Over 1,300 Homeless Bay Area Residents Claim Compensation Following Caltrans Lawsuit


January 11, 2021 

Media Contact

Sam Lew, Lawyers’ Committee for Civil Rights of the San Francisco Bay Area 
communications@lccrsf.org, (415) 272-8022 

Rosalyn Sternberg, Development & Communications Officer, East Bay Community Law Center, rsternberg@ebclc.org, (812) 345-8337

***Press Release*** 

Over 1,300 Homeless Bay Area Residents Claim Compensation Following Caltrans Lawsuit

1,315 people who had their belongings taken by Caltrans in encampment sweeps have submitted 1,529 claims for compensation in a class action lawsuit 

ALAMEDA COUNTY —  Nearly four years to the day after homeless residents sued Caltrans for confiscating and destroying their most valuable assets, a historic total of 1,315 homeless and formerly homeless individuals submitted claims seeking compensation for their losses. The class action lawsuit was brought by the Lawyers’ Committee for Civil Rights of the San Francisco Bay Area (LCCRSF), the East Bay Community Law Center (EBCLC), the American Civil Liberties Union of Northern California, and the law firm WilmerHale in 2016.

When plaintiffs secured a legal victory in Sanchez v. Caltrans in February 2020, coalition members hoped to continue in-person encampment outreach and anticipated reaching a few hundred class action members in Berkeley, Emeryville, and Oakland who were entitled to claim a recovery from the $1.3 million fund provided in the settlement to compensate claimants. The onset of COVID-19 quickly derailed the existing outreach plan, leading coalition advocates to galvanize more than 200 volunteers across multiple states to connect with plaintiffs via a live hotline and talk them through the completion of the nine-page form remotely.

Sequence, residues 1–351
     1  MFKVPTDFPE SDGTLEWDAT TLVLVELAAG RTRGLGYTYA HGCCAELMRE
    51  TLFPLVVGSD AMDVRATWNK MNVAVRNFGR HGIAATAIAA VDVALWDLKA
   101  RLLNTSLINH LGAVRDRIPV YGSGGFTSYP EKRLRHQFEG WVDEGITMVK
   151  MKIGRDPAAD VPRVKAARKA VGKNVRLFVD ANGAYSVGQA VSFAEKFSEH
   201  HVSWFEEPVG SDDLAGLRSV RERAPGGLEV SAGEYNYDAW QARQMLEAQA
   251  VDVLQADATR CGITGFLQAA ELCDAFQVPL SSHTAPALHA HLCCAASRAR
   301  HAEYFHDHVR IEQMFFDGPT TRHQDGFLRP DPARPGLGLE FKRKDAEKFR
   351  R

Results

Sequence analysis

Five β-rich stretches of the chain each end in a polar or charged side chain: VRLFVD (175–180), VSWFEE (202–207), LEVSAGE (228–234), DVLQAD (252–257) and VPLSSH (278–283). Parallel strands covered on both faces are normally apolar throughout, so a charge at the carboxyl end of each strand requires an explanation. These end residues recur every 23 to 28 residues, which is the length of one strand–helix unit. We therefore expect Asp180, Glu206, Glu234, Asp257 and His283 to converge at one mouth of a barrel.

“What’s important about this outreach effort is not just the dollar amount or the number of people we reached,” said Candy Smallwood, staff attorney and clinical supervisor at EBCLC and one of the lead coordinators of the outreach effort. “It’s the fact that our community members got to share the stories of their trauma and have their loss officially acknowledged. This process has allowed 1,315 claimants to seek compensation for their losses, and the overall settlement will help ensure that Caltrans treats homeless people with dignity and respect.”

“For years, Caltrans has swept homeless encampments and unjustly seized the property of unhoused people, destroying items necessary for survival such as insulin, HIV medication, canes, clothing, and food,” said Tori Larson, Equal Justice Works Fellow at the Lawyers’ Committee for Civil Rights of the San Francisco Bay Area. “While this case is settled, we know the fight isn’t over. We will continue to keep Caltrans accountable to the policy changes we won in the settlement and to the Fourth Amendment.”

Volunteers connected with claimants through a dedicated Google Voice line answered in real time, an important aspect of collecting information from a group of people with limited access to phone and email. Posters and flyers were distributed at encampments and stuffed inside grocery bag donations. Staff members and volunteers at the LCCRSF, EBCLC, and the Homeless Action Center conducted outreach at encampments to ensure those without access to phones and emails could still complete a claim form.

Bill Freeman, Senior Counsel of the ACLU Foundation of Northern California, said, “The number of claims submitted reflects both the widespread harm caused by the conduct that gave rise to the lawsuit, as well as the heroic efforts of the team of attorneys and volunteers who reached out to class members to help them submit their claims.”

“It is a testament to the incredible strength and resiliency of communities and networks of homeless individuals that our outreach was so successful, particularly as the COVID-19 pandemic rages on,” said Laura Goodall, counsel at WilmerHale.

“Indigenous, African-American, and people of color are disproportionately represented among the homeless, as they are disproportionately represented among the poor, the unemployed, the victims of police violence, and now the dead and dying of COVID-19,” said Osha Neumann, staff attorney and clinical supervisor at EBCLC. “For the wrongs they suffer in this unequal and unjust society, they are seldom compensated. As a result of this lawsuit, the wrongs done to people experiencing homelessness were recognized, their rights were vindicated, and they will obtain some small measure of compensation for their loss.”